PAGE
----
Wednesday, March 23, 2005
I was getting late, and it had started to rain too, so I decided to hire a cab. Fortunately, at the very next moment, a cab came into my view. I waved and the driver applied the brakes.
I have always found taxi drivers interesting. This, in no way, means that I dream to be a taxi driver. Being a taxi driver has never been there in my ambitions. But I also think that many taxi drivers hadn’t dreamt of being taxi drivers either. After all, how can we simply know about the troubles they might have gotten through. Nobody can come to know about the story behind a person by just looking at that person, you see. We humans are just like that. Complex machines with complex backgrounds and complex problems. And as if this much complexity is not enough, we have our complex dreams with their equally complex elucidations.
Anyway, before this entry turns into a psychological analysis of people’s realtionships with their pasts, let’s move on.
After getting inside that taxi, I looked closely at the driver. He was young and quite a, well, mulla. I could see some cassette covers lying on the dashboard, and they were all about some bayaanaat by Maulana Tariq Jamil. Also present was a book titled Faza’il-e-A’maal. (I am still trying to remember where else I have seen it). The driver was in the habit of driving fast, and I really liked that since I was getting late. Also remarkable were his ‘cutting’ skills—the way he was making room between little traffic jams and leaving other cars behind (and, perhaps, creating more traffic jams. I never looked back to check.)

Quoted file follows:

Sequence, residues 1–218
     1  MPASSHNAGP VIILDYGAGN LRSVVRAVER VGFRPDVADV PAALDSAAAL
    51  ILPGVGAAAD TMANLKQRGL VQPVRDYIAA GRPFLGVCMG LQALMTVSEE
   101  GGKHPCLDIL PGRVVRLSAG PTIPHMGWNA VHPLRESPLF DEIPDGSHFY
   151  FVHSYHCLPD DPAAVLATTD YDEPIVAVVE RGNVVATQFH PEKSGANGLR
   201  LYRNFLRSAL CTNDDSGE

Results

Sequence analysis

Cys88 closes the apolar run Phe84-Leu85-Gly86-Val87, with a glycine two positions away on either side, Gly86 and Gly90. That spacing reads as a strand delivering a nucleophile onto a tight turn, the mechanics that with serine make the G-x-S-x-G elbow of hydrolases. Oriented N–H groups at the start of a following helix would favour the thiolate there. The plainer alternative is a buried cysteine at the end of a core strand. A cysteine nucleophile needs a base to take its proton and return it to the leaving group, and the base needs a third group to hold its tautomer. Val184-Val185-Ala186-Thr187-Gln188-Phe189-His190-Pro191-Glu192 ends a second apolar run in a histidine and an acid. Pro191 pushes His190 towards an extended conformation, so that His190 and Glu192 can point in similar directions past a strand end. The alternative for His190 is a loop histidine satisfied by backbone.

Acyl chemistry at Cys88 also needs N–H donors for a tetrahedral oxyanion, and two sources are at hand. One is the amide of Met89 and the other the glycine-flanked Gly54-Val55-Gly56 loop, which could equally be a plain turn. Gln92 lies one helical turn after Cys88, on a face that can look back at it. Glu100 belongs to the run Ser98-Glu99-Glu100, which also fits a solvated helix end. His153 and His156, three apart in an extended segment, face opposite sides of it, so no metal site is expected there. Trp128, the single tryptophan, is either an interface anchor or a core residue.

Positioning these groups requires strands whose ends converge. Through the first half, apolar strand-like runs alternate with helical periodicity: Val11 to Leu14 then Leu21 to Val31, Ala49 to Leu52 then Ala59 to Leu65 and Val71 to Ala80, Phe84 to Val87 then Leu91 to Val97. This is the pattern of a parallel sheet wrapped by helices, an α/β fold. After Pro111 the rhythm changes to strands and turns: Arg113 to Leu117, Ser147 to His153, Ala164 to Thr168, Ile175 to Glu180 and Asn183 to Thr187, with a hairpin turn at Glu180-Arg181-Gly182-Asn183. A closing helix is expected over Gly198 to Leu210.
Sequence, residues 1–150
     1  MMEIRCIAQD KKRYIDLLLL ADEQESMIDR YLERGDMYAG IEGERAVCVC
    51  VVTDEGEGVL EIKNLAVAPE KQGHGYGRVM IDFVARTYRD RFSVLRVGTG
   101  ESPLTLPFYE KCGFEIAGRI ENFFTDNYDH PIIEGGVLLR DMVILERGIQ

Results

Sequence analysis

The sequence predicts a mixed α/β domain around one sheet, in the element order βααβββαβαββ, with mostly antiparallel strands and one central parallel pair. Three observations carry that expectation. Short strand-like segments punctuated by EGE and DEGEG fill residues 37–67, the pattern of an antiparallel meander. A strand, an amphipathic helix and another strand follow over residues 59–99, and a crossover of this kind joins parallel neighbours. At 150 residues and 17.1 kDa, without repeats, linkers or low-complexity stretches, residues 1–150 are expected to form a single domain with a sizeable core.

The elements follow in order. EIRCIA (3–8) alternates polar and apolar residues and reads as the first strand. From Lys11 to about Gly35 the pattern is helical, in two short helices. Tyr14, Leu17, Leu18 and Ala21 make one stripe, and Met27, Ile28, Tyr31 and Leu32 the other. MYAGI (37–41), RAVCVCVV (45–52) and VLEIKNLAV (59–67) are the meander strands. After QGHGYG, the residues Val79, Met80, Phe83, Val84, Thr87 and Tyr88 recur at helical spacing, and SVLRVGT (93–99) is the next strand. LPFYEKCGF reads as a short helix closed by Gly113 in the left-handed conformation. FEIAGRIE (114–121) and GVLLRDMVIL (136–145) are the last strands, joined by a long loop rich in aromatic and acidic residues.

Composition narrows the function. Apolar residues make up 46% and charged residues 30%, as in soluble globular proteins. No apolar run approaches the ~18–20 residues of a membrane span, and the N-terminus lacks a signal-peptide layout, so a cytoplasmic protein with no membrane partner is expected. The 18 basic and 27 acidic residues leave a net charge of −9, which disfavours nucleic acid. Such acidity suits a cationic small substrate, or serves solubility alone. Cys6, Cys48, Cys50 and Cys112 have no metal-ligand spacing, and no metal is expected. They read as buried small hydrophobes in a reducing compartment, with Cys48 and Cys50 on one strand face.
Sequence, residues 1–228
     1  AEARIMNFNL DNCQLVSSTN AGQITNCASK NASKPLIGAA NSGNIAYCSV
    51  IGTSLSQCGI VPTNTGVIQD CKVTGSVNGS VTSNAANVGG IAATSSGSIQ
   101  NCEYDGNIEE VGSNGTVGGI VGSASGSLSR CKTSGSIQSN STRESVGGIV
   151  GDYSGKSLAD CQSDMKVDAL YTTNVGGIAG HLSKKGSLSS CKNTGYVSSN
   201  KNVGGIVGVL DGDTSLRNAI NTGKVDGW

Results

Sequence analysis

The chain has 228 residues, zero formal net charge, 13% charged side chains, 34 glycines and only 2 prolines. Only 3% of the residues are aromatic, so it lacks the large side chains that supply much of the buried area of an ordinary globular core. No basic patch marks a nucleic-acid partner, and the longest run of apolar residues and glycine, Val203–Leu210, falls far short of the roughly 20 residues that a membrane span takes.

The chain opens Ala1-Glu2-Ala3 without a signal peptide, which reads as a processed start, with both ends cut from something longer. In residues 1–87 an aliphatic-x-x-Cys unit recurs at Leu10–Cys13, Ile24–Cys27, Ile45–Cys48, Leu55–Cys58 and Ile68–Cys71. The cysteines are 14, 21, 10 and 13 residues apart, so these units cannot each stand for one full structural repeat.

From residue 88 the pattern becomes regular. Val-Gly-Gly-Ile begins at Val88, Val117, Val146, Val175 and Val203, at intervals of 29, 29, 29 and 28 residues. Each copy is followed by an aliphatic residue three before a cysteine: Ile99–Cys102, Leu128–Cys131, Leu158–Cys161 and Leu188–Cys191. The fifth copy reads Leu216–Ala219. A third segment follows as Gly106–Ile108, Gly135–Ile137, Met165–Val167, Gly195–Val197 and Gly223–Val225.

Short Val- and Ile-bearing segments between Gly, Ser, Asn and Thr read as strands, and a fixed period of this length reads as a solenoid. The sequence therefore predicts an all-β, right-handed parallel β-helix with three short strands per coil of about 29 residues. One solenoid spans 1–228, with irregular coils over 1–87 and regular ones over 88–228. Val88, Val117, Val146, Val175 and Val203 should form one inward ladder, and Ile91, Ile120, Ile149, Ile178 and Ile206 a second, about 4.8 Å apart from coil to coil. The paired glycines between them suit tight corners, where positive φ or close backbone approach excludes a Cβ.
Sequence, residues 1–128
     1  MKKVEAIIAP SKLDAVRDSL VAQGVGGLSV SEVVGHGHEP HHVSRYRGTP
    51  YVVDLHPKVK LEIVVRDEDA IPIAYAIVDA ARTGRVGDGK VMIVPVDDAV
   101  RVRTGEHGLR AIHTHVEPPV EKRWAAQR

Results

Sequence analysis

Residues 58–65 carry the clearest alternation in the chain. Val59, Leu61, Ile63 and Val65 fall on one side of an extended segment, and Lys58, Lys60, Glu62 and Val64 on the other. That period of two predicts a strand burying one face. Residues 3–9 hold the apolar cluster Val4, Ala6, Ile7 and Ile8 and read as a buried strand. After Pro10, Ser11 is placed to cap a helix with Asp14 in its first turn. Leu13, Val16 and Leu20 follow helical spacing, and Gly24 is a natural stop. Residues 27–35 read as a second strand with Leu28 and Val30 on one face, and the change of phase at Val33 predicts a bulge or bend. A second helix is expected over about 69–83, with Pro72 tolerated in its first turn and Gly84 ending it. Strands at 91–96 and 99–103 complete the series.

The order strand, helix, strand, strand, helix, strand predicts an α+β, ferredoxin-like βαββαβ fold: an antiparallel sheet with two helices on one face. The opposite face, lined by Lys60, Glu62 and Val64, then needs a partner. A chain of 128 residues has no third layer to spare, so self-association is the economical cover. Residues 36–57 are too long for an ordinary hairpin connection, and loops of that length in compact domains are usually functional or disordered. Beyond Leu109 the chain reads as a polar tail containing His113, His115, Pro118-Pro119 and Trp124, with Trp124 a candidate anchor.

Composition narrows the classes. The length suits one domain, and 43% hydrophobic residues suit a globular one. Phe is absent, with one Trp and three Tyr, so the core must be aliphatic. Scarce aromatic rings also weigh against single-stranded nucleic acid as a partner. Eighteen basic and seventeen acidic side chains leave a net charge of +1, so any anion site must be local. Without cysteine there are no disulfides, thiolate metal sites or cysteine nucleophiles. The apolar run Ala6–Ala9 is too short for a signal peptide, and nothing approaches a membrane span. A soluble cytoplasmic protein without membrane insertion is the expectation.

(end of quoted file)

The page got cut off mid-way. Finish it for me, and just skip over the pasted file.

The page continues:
When I reached my destination, I pulled out a Rs. 500 note. The driver looked at me and sighed. After he arranged the change, I reached with my right hand to collect the change while giving him the note with my left hand. He stopped.
“Right hand. Always give and take with your right hand.”
A smile spread across my face. Simple and beautiful, I thought, I should have known.
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